Prof. Feldman, I do not understand you. I am truly nonplussed. Once or twice in your article you imply that Judaism should tolerate a forbidden marriage because it is “one of my most important life decisions.” I cannot believe that you really want to exempt the “most important of life’s choices” from the purview and judgment of religion. For Heaven’s sake, do you prefer that religion — any religion — deal with any thing but that which is important in life? Is this the Judaism you want? One that will make you feel warm and fuzzy and cuddly, one that will make grandiloquent pronouncements and issue pretty pieties — anything but what is really an “important life decision”?
That is not the kind of religion for which our ancestors — yours and mine — were willing to suffer abuse unto martyrdom.
Let me now address several other (but not all of the) important items in your essay.
You imply that Modern Orthodoxy is somehow responsible for Baruch Goldstein and Yigal Amir. That is a blatant example of guilt by association, and truly a low blow that is unworthy of you. If Modern Orthodoxy is responsible for Goldstein and Amir, then Harvard is responsible for the Unabomber; Yale must answer for some of the most implacable kooks in this country — both right- and left-wingers, and by the same token Maimonides School is responsible for the tergiversation of one of its most distinguished graduates.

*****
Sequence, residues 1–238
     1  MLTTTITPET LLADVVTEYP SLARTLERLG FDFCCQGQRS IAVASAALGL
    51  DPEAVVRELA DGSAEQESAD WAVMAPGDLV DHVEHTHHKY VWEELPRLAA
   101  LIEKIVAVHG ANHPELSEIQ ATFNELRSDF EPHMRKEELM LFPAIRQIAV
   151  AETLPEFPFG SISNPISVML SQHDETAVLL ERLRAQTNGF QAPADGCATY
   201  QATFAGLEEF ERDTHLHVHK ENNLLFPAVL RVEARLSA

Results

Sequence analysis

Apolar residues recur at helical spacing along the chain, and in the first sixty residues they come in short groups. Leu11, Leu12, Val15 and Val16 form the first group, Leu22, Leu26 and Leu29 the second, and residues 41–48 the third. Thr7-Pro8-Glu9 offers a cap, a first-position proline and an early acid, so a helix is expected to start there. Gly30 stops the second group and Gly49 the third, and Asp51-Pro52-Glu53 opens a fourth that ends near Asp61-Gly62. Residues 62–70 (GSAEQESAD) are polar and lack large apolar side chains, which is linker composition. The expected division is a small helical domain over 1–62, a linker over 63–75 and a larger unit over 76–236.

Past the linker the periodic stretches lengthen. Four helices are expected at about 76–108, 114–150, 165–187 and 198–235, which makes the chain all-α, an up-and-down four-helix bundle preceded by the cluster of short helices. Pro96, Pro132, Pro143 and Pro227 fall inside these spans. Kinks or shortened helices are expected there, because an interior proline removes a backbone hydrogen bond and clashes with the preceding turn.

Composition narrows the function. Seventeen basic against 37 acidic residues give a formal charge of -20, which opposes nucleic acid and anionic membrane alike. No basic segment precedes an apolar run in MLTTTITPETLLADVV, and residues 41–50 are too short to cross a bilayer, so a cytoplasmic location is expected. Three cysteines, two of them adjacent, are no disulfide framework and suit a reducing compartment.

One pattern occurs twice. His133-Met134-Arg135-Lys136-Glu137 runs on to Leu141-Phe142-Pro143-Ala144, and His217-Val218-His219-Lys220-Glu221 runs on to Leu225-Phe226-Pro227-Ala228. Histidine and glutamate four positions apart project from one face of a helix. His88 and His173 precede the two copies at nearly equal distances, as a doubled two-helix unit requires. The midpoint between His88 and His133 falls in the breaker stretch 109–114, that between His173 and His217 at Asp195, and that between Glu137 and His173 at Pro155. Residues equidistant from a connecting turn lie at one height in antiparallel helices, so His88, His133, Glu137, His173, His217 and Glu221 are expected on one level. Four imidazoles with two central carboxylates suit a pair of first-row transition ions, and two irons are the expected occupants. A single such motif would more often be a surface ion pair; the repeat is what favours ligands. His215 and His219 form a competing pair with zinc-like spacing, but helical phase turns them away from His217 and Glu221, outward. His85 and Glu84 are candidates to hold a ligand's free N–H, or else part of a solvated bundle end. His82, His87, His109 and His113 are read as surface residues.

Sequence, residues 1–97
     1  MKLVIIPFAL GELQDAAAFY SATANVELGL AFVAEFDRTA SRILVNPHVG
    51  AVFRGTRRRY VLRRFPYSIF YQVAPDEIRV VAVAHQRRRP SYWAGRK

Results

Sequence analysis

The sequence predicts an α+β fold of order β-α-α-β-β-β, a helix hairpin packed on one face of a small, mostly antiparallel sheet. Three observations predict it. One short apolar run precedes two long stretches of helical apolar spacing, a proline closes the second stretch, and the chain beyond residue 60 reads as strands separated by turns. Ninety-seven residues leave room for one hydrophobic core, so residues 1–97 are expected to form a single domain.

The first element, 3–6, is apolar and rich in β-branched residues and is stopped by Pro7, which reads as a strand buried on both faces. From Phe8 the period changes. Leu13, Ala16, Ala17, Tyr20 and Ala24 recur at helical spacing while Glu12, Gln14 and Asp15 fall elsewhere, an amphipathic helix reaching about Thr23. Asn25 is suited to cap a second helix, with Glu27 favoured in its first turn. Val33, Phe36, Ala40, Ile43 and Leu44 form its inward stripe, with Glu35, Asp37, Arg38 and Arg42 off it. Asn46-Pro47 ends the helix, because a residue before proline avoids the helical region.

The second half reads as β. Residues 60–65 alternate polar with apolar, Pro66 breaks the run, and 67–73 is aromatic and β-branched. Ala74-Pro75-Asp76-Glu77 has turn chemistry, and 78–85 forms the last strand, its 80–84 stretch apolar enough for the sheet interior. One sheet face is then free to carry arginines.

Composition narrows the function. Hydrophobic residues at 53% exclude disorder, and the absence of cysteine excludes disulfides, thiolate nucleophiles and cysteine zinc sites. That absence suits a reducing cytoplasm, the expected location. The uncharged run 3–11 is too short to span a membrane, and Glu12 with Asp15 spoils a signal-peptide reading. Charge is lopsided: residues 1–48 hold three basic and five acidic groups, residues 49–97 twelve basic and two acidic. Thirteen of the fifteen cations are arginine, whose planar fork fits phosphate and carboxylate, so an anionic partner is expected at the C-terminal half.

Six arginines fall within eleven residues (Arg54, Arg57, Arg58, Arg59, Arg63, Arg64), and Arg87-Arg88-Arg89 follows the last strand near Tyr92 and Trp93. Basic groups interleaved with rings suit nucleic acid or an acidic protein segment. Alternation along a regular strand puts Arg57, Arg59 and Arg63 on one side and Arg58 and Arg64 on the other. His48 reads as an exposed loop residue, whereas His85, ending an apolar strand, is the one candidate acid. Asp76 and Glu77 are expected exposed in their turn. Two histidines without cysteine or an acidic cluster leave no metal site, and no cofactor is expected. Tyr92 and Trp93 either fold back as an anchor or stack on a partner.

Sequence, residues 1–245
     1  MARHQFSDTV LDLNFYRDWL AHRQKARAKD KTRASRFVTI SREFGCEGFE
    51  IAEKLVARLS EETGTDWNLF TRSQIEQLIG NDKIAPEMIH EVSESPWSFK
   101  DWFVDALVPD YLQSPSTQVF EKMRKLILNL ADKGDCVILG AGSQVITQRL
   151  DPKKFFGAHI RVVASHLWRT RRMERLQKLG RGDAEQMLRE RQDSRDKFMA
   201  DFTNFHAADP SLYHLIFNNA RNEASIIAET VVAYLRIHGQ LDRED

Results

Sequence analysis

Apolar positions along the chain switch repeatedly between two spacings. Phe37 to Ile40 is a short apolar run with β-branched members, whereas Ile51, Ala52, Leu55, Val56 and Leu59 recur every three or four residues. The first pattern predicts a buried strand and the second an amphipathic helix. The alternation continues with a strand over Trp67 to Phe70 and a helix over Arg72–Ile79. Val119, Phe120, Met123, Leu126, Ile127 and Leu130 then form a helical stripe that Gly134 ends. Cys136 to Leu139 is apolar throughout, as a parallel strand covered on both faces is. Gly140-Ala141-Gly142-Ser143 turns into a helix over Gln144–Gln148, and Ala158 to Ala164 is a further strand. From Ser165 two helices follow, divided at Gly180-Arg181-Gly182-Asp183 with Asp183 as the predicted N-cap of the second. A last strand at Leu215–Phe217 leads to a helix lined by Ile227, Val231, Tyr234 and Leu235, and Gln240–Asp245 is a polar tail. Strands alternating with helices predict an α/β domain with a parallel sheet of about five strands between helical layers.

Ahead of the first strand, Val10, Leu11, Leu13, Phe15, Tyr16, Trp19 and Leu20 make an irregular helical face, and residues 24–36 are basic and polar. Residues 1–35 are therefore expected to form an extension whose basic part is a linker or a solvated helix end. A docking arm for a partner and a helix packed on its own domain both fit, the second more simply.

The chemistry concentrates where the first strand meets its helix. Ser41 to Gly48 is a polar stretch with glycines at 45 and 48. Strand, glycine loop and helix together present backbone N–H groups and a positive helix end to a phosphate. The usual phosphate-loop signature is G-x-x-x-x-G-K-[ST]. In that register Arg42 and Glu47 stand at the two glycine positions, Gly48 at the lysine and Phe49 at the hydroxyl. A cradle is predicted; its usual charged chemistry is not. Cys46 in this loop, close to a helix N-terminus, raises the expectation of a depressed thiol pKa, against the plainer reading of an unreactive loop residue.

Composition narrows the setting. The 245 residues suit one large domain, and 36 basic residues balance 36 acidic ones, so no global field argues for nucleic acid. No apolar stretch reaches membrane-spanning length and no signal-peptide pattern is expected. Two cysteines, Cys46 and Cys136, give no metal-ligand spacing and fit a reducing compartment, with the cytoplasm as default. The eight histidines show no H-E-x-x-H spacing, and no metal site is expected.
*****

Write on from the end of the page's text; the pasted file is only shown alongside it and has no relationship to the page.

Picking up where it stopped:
Now, for the facts: You do not quote any source for your assertion that when Baruch Goldstein murdered Arabs at prayer in Hebron on Purim day, he did so because he considered the Palestinians as Amalekites.
I beg to differ. His act was not one commanded by his religion, but by his Kahanist politics. How do I know? Because several years before the Hebron massacre, I received a document in which Palestinians of that area were effusive in their praise for the two brothers Goldstein, both physicians, who treated them with the same professionalism and compassion that they did their fellow Jews.
So your premise is faulty, and your conclusion is wrong.
Next item: You refer in anger to the Talmudic view on whether a Jewish doctor may violate the Sabbath laws in order to save the life of a non-Jew. You are critical of the Sages of the Talmud who permitted such violations of laws of the Sabbath because of concern for maintaining peaceful relations between the Jewish and non-Jewish communities. You suggest that, on the one hand, it is an “instance of laudable universalism,” but, on the other, it is “an example of outrageously particularist religious thinking.”